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This past Friday, Sweet Water Foundation co-hosted the gallery opening of the “Water” exhibit at Arts@Large’s gallery space on the south side of Milwaukee. The “Water” exhibit features the work of 3rd grade students from Milwaukee Environmental Sciences and 7th and 8th grade students from Fernwood Montessori School, who each built small aquaponics systems at their schools with support from Sweet Water Foundation.
See the photos below, as the students proudly displayed their aquaponics systems to gallery visitors on Friday evening, and gave a formal presentation as well, explaining the details of how aquaponics works, and what they learned from building these systems. Hats off to the students from Milwaukee Environmental Sciences and Fernwood Montessori School for their excellent work!
The “Water” exhibit will be on display through the month of April, so please visit the Arts@Large gallery at 908 S 5th St, Milwaukee, WI during their open hours to check it out.
Centers for New Horizons, a community development agency assisting children and families in Chicago’s Bronzeville and Riverdale communities of Chicago’s South Side, is partnering with Sweet Water and community liaisons and educators to bring aquaponics and urban agriculture into local schools in Bronzeville.
Historically, many African Americans moving north in the Great Migration settled in Bronzeville, which became the vibrant community known as The Black Metropolis, home to prominent entrepreneurs, musicians, writers, leaders, and businessmen in the early 20th century. Bronzeville subsequently went through decades of disinvestment, compounded by the construction of miles of concentrated public housing projects in the 1950s, including the infamous Robert Taylor Homes, which have since been demolished. Even before the beginning of reinvestment in Bronzeville, Centers for New Horizons has been operating since 1971, focusing on community collaborations to bring about positive change through a number of different programs.
Sweet Water’s partnership will involve multiple schools in Bronzeville: Jackie Robinson Elementary, Wells Prep Academy, which runs through 8th grade, and Dunbar Career Academy High School. On Tuesday, Oct. 16, 3rd grade students from Jackie Robinson and middle school students from Wells Prep attended a tour at the Chicago State Aquaponics facility, with Sweet Water Executive Director Emmanuel Pratt and CSU Aquaponics Club member Drew Hines.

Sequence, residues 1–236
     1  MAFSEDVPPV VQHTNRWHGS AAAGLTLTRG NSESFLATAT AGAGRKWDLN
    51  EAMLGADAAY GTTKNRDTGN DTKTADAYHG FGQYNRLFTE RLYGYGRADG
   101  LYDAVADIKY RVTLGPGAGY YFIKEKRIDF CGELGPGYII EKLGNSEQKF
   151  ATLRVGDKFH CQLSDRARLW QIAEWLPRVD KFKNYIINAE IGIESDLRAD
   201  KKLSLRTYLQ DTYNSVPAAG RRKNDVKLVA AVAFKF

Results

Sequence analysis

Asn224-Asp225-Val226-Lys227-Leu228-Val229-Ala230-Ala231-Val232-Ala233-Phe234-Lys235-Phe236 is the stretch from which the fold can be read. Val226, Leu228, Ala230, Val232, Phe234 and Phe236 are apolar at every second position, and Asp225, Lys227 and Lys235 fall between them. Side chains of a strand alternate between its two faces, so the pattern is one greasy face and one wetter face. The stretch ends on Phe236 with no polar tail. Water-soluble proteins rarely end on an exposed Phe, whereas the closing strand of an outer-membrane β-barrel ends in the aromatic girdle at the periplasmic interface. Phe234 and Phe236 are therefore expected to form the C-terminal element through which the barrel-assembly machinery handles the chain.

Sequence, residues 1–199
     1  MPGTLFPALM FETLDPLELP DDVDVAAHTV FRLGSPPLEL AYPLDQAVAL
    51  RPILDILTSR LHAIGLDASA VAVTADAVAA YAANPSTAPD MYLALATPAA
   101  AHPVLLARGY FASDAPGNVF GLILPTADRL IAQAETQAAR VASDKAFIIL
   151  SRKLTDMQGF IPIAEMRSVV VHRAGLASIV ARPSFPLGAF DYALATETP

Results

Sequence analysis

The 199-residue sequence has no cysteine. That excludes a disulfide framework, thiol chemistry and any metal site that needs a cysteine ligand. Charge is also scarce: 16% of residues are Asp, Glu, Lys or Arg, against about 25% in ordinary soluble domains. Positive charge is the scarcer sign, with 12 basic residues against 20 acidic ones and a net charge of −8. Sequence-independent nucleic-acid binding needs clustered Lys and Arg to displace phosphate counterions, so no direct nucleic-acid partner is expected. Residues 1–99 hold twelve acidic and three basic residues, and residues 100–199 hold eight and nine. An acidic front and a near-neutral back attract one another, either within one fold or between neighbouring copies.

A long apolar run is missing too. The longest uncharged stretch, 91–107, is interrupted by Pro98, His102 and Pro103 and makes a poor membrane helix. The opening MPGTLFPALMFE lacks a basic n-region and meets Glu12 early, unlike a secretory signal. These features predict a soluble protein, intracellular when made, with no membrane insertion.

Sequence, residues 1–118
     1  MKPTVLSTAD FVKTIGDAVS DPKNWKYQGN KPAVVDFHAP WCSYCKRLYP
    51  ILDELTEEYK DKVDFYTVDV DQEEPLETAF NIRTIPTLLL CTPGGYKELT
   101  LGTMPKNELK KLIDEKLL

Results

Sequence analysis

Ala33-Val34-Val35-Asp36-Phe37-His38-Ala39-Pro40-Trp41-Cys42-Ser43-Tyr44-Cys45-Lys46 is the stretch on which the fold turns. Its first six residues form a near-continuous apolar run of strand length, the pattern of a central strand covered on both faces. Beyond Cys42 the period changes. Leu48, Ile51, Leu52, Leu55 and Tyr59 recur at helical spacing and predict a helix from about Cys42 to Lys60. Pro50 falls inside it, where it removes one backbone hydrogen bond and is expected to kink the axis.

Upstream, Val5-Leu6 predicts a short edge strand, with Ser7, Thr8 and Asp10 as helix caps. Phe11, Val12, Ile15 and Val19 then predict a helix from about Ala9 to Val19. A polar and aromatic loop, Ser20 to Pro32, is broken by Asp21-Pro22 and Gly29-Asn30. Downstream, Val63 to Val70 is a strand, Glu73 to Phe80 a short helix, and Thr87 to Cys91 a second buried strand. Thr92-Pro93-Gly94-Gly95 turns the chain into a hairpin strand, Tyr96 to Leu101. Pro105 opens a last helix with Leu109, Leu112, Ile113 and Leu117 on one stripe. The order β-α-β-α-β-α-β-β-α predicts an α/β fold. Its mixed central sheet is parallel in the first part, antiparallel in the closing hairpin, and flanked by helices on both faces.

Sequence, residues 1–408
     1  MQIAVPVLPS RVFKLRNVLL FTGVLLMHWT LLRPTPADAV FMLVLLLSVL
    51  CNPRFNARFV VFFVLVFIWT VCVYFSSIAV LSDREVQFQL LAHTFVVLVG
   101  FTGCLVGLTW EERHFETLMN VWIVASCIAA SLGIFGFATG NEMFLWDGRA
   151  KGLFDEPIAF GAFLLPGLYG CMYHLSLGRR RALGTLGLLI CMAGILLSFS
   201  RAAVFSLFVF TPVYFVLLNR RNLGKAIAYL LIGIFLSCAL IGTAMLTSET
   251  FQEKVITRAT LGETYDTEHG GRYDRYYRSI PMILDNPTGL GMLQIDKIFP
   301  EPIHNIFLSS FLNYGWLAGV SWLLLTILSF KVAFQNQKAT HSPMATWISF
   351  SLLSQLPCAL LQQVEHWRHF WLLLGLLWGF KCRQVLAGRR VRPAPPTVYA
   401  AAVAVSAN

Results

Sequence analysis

The next day, students, parents, teachers, and community representatives met to record interviews that were compiled by Vocalo, a Chicago area station that is the self-proclaimed “cool kid sister” to Chicago’s Public Radio station, WBEZ 91.5 FM and seeks to connect with a “younger, culturally diverse audience.” The interview was conducted in a classroom at Jackie Robinson Elementary, where Sweet Water has recently installed a mini aquaponics unit, constructed by Dennis Muhammed. Jason Axt constructed and installed the system at Wells Prep Academy and is currently developing the system for Dunbar Career Academy High School. During the interview at Jackie Robinson, students shared their reflections about aquaponics and their recent visit to the Chicago State Aquaponics Center.
This past Monday, Vocalo Morning AMp hosts Brian Babylon and Molly Adams shared recordings from these interviews accompanied by a panel discussion with the lead architects of this partnership, including Sweet Water’s Emmanuel Pratt, John Owens, the Director of Community Building for Centers for New Horizons, and Lorenzo Young, a community representative from the local school council who previously taught at Jackie Robinson. The words of these students as well as the commentary about the vision of what aquaponics might bring to this community represent Sweet Water’s vision for building resilient 21st century communities. Please listen to the interview and share with anyone who might be interested in what Sweet Water is doing in Chicago and Milwaukee schools!